No, your car windshield isn't safe. Not near berry trees. Not for another month or so.
CEDAR WAXWING: One of only a few North American birds that eat mostly fruit. Occasionally they become drunk on berries that have started to ferment.
Fish crow: Has a hoarse "un uh" call almost like a goose, and is sometimes called the un-uh bird.
Red-winged blackbird: Males have as many as 15 female mates.
European starling: All the North American birds descended from 100 European starlings set loose by Shakespeare enthusiasts in New York's Central Park in the early 1890s.
Eastern Bluebird: Attracts a mate by carrying nest filling to the nest hole, then perching on top waving its wings.
Sources: Cornell Lab of Ornithology, Sid Gauthreaux
Cedar waxwings are diving by the hordes, sometimes on a single berried tree, to strip it bare. If the car is parked underneath, you made a mistake.
"Hundreds of them will be on one palmetto," said Lowcountry ornithologist Sid Gauthreaux. And, "a berry in is a berry out. Cars are being pooped on under those trees."
Worse, it's not just cedar waxwings mobbing up. It's starlings, blackbirds, red-winged blackbirds, crows - even bluebirds in looser flocks of 60 or 70 at a time.
"We have bluebirds all over the (power line) wires right now," Gauthreaux said about Edisto Island, where he lives.
So what's going on? Winter. Birds that normally would be territorial, flapping away at each other to defend their turf, give up the attitude for savories or safety in the cold.
The phenomenon is maybe best recognized as a starling murmuration, where hundreds or thousands of the birds will flock, circling in dizzying waves.
"They'll fly in these aerial (patterns) where they're diving and swooping at the same times," said Matt Johnson, education manager at the Audubon Beidler Forest Sanctuary outside Harleyville.
"You see these incredible, dynamic clouds of birds," Gauthreaux said.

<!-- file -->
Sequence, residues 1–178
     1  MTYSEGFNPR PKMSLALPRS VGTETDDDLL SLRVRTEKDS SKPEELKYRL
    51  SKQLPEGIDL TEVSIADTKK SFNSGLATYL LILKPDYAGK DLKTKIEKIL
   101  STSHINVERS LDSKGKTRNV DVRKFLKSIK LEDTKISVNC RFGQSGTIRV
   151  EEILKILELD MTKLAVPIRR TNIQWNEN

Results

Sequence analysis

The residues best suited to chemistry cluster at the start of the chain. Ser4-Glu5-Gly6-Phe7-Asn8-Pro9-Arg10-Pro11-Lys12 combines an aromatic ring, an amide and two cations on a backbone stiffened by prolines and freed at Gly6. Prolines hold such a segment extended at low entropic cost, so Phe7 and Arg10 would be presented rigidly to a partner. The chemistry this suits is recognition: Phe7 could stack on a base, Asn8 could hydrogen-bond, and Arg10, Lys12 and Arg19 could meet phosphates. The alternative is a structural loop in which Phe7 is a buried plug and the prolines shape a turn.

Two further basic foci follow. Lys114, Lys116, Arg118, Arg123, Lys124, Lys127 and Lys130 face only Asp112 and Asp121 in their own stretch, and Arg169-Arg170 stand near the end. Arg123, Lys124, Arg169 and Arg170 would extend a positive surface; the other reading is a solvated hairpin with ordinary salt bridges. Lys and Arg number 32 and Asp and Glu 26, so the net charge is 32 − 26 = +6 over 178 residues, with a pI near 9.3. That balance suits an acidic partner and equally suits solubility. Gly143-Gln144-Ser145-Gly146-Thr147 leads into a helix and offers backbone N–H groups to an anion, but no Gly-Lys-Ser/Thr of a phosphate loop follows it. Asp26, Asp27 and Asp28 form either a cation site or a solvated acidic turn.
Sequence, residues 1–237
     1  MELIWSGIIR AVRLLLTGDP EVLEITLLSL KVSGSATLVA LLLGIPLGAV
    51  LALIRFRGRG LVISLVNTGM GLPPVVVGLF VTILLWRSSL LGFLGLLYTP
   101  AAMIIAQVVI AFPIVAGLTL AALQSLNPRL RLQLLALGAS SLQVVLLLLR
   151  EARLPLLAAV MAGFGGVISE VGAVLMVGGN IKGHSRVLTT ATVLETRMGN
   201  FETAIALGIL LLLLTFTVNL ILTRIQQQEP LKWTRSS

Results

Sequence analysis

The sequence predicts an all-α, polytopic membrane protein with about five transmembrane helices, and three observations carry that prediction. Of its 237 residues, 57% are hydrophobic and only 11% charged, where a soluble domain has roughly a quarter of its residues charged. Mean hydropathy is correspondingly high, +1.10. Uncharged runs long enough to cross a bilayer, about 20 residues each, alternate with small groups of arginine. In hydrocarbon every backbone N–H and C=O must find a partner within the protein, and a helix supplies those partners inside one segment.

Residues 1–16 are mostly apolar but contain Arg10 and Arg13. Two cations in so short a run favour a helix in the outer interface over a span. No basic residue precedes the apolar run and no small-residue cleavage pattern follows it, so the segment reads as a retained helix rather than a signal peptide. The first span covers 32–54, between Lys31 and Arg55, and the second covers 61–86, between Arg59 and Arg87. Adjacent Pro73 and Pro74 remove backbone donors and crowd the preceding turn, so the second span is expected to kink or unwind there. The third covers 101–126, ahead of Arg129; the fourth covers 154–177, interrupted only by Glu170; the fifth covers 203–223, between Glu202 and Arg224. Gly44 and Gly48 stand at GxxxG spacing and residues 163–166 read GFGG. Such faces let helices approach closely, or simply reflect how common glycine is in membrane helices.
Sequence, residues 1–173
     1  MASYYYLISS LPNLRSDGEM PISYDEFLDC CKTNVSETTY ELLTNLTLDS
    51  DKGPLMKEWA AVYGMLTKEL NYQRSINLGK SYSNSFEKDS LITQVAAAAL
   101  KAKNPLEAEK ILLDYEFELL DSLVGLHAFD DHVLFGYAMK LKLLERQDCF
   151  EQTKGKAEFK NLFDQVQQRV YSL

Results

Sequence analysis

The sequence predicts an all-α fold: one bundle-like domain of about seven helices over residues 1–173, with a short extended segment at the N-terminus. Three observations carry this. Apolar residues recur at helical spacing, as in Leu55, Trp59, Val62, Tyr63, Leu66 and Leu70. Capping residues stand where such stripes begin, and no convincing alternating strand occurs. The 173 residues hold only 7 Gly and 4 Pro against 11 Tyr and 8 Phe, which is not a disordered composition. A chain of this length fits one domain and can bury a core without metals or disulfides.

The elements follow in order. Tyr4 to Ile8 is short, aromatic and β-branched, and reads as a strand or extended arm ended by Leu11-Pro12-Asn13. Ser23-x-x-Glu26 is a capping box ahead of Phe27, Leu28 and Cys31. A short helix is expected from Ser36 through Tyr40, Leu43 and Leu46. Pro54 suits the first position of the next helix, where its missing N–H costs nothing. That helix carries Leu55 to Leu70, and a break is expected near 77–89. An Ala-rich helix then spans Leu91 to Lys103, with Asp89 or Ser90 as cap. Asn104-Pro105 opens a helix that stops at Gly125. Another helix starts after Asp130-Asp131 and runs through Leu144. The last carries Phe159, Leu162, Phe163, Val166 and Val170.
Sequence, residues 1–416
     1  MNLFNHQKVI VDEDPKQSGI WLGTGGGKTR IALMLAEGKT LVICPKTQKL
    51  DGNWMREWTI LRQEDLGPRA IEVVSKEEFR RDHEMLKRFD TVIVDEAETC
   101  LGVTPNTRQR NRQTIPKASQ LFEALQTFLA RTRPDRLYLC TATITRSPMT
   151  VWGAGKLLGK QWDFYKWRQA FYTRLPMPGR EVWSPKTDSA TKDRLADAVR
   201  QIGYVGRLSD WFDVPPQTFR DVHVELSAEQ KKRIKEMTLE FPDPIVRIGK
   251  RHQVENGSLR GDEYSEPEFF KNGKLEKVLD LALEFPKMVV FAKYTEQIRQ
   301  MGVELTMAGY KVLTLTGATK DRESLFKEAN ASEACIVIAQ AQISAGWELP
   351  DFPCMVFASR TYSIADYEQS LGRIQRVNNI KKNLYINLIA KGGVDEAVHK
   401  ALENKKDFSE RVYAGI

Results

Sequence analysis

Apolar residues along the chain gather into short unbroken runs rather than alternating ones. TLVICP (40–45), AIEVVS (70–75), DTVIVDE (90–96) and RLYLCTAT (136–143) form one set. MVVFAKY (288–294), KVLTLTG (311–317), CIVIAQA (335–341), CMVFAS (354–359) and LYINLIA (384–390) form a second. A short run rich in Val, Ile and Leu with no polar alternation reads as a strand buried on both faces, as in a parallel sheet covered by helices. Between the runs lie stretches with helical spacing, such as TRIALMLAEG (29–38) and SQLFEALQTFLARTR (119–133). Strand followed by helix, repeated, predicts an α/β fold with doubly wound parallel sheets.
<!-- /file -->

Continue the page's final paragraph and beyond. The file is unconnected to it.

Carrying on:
As surreal as a murmuration is, it serves a specific purpose for the birds - to protect the flock against a predator.
Murmurations occur here, but the Lowcountry has far fewer starlings than other regions, so a murmuring flock might be 50 birds or less. Meanwhile, the bigger displays put on here by species such as waxwings or blackbirds aren't defensive; they're ravenous. Even "murderous" fish crows are roosting in the salt marsh to be near food. (Murder is a term for a group of crows.)
The cedar waxwing got its name from its fondness for the berries on winter cedar trees, but it likes about anything that has a berry on it this time of year.
"They'll hit a holly tree until every berry is gone, then they'll move to the next tree," Gauthreaux said. And they'll keep at it, until they move to summer nesting grounds in late March or early April.
Don't get in their way; these guys are serious. The spinning air shows might look chaotic, but there's an organizing pattern. "The dominant birds are in the center, subordinate birds on the fringes," Gauthreaux said. "Well, you know, rank has its privileges."
Reach Bo Petersen at 937-5744, @bopete on twitter or Bo Petersen Reporting on Facebook.
Cedar waxwings seem to be just about everywhere. “You see these incredible, dynamic clouds of birds,” ornithologist Sid Gauthreaux said of the phenomenon.×
Notice about comments:
The Post and Courier is pleased to offer readers the enhanced ability to comment on stories. Some of the comments may be reprinted elsewhere in the site or in the newspaper. We ask that you refrain from profanity, hate speech, personal comments and remarks that are off point.